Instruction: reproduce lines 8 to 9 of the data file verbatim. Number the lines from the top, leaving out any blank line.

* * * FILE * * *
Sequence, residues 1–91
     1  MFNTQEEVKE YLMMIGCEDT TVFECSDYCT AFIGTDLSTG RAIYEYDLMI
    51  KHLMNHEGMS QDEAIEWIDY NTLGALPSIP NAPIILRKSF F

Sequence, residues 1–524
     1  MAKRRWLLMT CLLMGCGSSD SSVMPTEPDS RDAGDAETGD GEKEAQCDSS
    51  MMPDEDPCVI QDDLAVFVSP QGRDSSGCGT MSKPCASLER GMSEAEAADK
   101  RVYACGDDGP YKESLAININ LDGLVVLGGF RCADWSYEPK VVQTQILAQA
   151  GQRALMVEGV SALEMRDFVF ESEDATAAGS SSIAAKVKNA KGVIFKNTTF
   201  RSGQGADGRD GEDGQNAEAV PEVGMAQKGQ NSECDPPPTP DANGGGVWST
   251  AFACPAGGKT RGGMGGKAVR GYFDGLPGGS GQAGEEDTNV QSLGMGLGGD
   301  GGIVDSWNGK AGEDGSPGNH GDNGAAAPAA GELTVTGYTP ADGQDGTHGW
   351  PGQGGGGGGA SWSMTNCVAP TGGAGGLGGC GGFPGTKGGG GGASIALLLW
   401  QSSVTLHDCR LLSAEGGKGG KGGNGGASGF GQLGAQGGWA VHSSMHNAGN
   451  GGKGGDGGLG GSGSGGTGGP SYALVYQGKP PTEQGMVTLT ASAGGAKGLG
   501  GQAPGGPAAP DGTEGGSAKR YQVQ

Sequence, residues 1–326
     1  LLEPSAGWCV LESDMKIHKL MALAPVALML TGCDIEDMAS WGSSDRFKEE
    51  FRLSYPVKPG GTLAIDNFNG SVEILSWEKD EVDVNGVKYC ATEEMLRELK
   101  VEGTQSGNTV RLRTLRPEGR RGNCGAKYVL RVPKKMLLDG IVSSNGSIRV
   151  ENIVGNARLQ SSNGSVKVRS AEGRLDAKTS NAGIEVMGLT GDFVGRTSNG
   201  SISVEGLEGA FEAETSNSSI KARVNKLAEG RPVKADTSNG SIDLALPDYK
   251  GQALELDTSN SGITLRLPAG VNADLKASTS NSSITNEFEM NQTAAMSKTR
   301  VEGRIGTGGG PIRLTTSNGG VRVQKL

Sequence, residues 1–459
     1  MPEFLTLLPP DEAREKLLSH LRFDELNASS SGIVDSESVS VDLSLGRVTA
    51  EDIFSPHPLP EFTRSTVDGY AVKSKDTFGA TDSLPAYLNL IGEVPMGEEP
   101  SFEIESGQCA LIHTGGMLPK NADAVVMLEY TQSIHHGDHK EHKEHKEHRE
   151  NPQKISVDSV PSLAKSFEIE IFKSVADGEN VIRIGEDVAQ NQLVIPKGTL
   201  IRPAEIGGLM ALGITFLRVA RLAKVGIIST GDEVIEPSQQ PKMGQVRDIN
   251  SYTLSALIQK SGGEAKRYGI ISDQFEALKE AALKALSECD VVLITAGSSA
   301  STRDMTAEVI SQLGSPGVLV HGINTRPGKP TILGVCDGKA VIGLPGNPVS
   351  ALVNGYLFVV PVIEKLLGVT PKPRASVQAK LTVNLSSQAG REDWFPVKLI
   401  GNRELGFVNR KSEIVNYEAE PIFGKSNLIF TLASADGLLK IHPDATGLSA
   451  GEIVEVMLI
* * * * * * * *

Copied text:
   151  GQRALMVEGV SALEMRDFVF ESEDATAAGS SSIAAKVKNA KGVIFKNTTF
   201  RSGQGADGRD GEDGQNAEAV PEVGMAQKGQ NSECDPPPTP DANGGGVWST